Wednesday, June 6, 2012

Leek Scapes

Leek Scapes,  June 6, 2012
      A couple of days ago I read on the net that leeks would be inedible when they sent up their flower shoots.  Bummer, wish I had known that two leeks ago.  Ah, I mean two weeks ago.  This morning the flower shoots looked beautiful in the sun so I took some pictures.  Then looked up on the net as to whether the flower stalks would be called scapes, as in garlic scapes.  Yes indeed.  I was going to make a pun about a picture of the leeks could be a "leek scape" rather than a landscape, but I found something even better!  The scapes themselves are edible, just like garlic scapes.  There are some interesting recipes out there, using the scapes like asparagus, making a pesto, or in a bean hummus.  All sound yummy.  So while I may have lost some leeks, I have gained some scapes.

      And if you leave these seed heads to dry for a bit on the stalk, followed by a couple of weeks in a dry paper bag, you will have hundreds of seeds for next year.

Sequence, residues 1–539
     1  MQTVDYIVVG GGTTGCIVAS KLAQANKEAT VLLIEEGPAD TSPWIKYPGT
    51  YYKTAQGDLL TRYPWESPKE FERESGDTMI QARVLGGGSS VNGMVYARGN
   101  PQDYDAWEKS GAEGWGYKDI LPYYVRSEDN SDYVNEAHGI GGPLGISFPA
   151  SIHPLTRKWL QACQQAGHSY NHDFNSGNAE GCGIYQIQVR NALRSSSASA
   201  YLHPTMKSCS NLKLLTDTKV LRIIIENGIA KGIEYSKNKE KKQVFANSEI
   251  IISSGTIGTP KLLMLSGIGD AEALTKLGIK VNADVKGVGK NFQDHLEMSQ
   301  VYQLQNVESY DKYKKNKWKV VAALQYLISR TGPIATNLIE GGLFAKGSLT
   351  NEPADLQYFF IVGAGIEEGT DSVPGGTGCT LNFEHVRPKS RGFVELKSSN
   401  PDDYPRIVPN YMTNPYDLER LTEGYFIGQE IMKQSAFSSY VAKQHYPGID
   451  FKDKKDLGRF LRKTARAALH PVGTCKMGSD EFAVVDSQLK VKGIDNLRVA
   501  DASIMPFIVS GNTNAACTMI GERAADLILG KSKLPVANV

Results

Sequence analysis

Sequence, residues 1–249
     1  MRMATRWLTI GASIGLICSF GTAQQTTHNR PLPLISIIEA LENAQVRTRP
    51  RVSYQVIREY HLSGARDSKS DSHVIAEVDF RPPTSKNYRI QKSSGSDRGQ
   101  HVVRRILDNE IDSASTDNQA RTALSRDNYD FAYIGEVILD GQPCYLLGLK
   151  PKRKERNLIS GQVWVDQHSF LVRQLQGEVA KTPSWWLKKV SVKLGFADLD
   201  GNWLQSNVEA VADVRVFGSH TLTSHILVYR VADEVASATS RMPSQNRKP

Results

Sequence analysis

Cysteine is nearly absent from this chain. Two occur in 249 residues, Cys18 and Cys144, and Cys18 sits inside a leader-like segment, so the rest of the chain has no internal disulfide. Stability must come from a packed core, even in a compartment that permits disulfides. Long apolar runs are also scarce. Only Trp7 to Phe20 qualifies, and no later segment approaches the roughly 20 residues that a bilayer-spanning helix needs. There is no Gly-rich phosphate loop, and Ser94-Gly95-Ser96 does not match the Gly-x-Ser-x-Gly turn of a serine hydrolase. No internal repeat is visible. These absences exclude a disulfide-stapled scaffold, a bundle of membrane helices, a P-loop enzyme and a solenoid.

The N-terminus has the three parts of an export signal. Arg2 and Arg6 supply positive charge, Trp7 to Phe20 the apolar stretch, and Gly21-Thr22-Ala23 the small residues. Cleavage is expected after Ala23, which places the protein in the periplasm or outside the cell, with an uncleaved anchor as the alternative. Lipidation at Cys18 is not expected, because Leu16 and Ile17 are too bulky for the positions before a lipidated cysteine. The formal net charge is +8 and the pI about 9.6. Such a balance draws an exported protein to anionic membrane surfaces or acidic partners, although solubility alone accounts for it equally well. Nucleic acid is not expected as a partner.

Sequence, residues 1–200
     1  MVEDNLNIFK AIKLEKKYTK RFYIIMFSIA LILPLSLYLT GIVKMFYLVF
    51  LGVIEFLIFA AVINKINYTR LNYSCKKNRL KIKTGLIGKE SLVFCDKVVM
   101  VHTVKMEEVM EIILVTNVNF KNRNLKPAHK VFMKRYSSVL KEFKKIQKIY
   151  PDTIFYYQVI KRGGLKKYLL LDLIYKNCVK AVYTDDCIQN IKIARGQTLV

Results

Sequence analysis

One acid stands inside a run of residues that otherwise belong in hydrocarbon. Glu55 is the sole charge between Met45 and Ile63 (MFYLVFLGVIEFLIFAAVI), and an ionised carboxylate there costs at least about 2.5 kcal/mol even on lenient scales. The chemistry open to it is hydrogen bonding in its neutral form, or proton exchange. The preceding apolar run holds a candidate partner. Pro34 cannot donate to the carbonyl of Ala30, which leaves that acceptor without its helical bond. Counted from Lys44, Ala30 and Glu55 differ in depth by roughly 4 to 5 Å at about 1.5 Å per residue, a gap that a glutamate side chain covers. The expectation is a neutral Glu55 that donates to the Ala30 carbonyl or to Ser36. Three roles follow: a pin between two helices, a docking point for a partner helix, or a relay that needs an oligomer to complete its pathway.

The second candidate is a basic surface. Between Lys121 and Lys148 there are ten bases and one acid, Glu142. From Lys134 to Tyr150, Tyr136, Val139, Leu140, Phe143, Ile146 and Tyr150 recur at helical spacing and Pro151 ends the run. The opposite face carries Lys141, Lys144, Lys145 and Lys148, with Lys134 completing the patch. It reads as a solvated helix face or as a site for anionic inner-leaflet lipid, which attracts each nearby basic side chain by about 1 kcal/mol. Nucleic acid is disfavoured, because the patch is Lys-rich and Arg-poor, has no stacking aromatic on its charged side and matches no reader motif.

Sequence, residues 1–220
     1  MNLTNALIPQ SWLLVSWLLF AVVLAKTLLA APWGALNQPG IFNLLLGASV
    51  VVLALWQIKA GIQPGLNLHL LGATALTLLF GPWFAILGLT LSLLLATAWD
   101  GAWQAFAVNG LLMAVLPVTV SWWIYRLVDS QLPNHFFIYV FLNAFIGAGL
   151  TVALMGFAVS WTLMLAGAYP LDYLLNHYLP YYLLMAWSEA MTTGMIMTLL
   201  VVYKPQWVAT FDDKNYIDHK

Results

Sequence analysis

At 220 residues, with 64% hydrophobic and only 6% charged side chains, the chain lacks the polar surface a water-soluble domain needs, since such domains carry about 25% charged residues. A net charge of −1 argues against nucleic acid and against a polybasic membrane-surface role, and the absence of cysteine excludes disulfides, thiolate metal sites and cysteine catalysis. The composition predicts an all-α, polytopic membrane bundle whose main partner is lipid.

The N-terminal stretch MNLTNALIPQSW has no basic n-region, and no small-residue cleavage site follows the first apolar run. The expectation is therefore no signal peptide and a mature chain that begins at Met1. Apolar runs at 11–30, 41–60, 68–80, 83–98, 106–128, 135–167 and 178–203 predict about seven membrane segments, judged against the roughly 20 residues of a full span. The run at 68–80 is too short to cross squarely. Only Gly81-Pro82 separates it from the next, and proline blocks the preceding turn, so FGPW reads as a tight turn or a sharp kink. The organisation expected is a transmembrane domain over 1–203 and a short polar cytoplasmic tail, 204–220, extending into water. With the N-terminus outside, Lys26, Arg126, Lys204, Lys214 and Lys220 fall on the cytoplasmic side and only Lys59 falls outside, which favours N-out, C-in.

Here are a couple of interesting links:

The flowers are pretty to look at, and attract beneficial insects.  So next year I will let some leeks go to seed, but be better about a late spring harvest for leek and potato soup for the freezer.


  1. Ellen from GeorgiaJune 6, 2012 at 9:46 AM

    I really like the pictures of the leeks, have one in the middle of my tomato plants. How long to let the seeds dry on the stalk before putting it in a paper bag? Thanks Ellen

    1. Ellen, the flowers have to set the seed. At first the flowers will open and you will see green centers. Leave the stalk on the plant until you can see that the little black seeds have formed in each small flower. Then you can cut off the large flower head and put it in a bag to further dry the seed. Then you can shake out the seed and store it in a cool dark place. Seed from the allium plants should be used in the first year from what I have read.